Early labor, which is also known as the first phase of stage 1 of labor, is the time from the very beginning of labor (when contractions start to follow a pattern) up until 6cm of dilation, or "active labor." How do you know it's early labor? Typical early labor signs to look for in your partner include:
- Mild contractions that may come and go before beginning to develop a pattern
- Contractions that make you pause, but usually mild enough to talk through
- Lower backache
- Increased vaginal discharge/mucous, as well as possible "bloody show" (blood tinged mucous)
- Restlessness or "nesting" behaviors
- Nausea or abdominal cramping or diarrhea
- Water breaking - only in 5% of people; sometimes water breaks without contractions
Prior to this point, at sometime during the middle of the third trimester, discuss your plan for early labor. Obviously, all plans are subject to change, especially when it comes to labor and birth, but it helps to know things like when you will call your care provider, when you would like to go into the hospital/birth center, and what kinds of things you would like to do during early labor at home. Early labor is typically the longest phase of all of labor and birth -- ideally, you will create a loose plan with ideas for what to do during early labor. This might include things that help pass the time, like watching a movie or taking a walk, or activities that help with comfort, like taking a bath, resting, or massage.
As the person not in labor, talk to your partner about what kinds of things they might like for comfort or distraction. Everyone is different and reaches for different things when they are in distress, in need of comfort, or working hard to focus. Some couldn't imagine not having the support of their beloved while others prefer solitude. Depending on your partner's preferences (which may very well change as labor progresses), the following tips for support in early labor is a helpful go-to list.
Tips for Supporting Your Partner in Early Labor
Take a good childbirth class - Obviously, this would take place way before labor begins! Attending a childbirth class is, hands-down, the best way to familiarize yourself with the ins-and-outs of labor, which help reduce your fear and confusion when the time actually comes. Childbirth classes prepares you with in-depth information and strategies to use on the big day.
Help time contractions - There are many apps that do this for you (including the Lamaze Pregnancy to Parenting app!). Timing contractions will help you to know whether contractions are getting longer, strong, and closer together - which is the primary sign for labor starting.
Stay calm - Or get really good at faking it. If you are calm, you will provide the calming presence your partner needs to also help stay calm.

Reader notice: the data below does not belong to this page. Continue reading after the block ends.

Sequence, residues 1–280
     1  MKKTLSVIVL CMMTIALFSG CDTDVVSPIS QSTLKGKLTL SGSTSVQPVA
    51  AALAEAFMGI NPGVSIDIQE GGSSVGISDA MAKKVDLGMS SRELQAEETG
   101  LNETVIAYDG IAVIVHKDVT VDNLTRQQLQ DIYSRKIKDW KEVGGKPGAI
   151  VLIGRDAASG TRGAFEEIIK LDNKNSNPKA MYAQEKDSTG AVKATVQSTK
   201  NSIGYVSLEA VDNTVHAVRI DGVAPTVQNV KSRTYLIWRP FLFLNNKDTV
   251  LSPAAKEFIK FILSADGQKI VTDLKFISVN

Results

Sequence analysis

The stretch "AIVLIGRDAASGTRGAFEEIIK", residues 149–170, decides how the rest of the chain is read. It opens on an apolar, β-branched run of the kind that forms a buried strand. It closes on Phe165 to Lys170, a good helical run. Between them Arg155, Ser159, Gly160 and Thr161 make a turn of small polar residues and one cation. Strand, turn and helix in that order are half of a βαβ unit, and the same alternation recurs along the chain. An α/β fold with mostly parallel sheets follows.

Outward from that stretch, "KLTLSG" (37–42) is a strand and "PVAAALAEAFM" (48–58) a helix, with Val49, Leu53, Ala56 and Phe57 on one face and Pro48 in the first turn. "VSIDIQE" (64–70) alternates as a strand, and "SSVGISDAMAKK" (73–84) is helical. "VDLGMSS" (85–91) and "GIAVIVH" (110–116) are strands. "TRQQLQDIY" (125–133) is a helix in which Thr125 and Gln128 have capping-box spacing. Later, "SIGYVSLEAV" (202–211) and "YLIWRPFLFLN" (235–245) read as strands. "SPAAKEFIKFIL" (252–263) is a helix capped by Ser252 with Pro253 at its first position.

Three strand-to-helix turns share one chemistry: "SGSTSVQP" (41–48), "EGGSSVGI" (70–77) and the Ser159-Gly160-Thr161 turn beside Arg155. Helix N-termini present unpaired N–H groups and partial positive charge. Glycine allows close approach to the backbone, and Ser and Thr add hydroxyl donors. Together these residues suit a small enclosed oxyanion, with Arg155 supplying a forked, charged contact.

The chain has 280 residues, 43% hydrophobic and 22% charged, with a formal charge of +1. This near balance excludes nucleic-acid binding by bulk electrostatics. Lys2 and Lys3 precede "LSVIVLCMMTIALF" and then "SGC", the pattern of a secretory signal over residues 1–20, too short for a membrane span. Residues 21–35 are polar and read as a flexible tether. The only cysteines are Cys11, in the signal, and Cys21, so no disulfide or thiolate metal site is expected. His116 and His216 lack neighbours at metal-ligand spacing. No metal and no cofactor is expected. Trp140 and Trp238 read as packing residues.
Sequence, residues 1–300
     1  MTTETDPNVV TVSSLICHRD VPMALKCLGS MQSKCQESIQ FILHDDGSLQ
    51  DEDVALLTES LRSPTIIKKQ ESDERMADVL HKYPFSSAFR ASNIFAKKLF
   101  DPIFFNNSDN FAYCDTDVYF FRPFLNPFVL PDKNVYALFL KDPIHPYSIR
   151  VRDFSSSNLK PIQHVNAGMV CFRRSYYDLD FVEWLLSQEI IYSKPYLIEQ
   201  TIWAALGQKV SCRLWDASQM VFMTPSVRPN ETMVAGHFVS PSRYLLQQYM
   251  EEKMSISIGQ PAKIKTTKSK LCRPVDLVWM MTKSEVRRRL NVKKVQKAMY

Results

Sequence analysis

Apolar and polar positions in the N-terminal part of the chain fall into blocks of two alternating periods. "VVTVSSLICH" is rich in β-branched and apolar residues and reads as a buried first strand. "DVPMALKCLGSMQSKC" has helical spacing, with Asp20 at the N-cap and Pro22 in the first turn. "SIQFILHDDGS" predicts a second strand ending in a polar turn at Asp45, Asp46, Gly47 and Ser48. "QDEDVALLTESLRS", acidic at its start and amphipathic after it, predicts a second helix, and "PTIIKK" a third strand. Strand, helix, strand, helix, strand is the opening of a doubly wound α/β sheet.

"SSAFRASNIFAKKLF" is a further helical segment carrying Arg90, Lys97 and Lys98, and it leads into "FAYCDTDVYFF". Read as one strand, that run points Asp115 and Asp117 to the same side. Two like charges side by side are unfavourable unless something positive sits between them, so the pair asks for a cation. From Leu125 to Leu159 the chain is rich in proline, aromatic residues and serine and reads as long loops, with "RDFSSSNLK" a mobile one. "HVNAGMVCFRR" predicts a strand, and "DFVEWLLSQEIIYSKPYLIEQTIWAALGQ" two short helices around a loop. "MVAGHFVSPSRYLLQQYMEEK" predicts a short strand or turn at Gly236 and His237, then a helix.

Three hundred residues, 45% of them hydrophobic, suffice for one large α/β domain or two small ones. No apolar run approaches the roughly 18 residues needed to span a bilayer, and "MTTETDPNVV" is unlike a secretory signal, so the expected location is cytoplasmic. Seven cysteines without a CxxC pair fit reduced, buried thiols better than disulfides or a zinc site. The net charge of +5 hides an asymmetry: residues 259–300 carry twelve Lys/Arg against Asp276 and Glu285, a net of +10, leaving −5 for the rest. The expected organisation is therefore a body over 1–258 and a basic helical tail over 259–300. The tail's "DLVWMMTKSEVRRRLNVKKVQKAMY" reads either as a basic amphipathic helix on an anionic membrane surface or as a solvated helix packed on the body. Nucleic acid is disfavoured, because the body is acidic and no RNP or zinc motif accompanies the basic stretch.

Call your care provider/OB/midwife and doula - Let your partner labor on. Offer to call your care provider and doula if you have hired one to describe what's going on.
Eating and drinking - Encourage your partner to eat and drink as they feel the urge. Do the same for you! You're likely at the beginning of a long haul -- it will be important for both of you to keep up your energy.
Be courteous - This is a time to put your own needs and desires second. This means not cooking/eating anything particularly aromatic (no tuna salad or garlic bread, please); keeping the tv or music down low or off; and generally making sure your partner has what they need first.
Suggest activities - Have at-the-ready some ideas for distraction, like a movie, a walk, a puzzle, a date out (that could end early, of course), a massage, visit to friends, etc.
Communicate your availability - If you cannot be home, or must leave for a period of time, keep in close communication with your partner about your availability. If you must be gone, call in back-up support from your doula, a good friend, or a family member.
Provide direct support through contractions - As contractions become more intense, your partner will likely appreciate more direct support, like breathing with her, reminding her to release tension in her face and shoulders, verbal encouragement, and back rub or similar comforting touch during the contraction (if desired -- some will not like this during contractions; be sure to check in and ask!).
Early labor, while it is not the most physically intense part of labor and birth, it can be the most emotionally and mentally taxing, simply because of the time it takes as well as the uncertainty over signs and decisions to make. You can boost your confidence for the early labor period by taking a good childbirth class in your third trimester, as well as by enlisting the help and support of your OB or midwife, and a doula.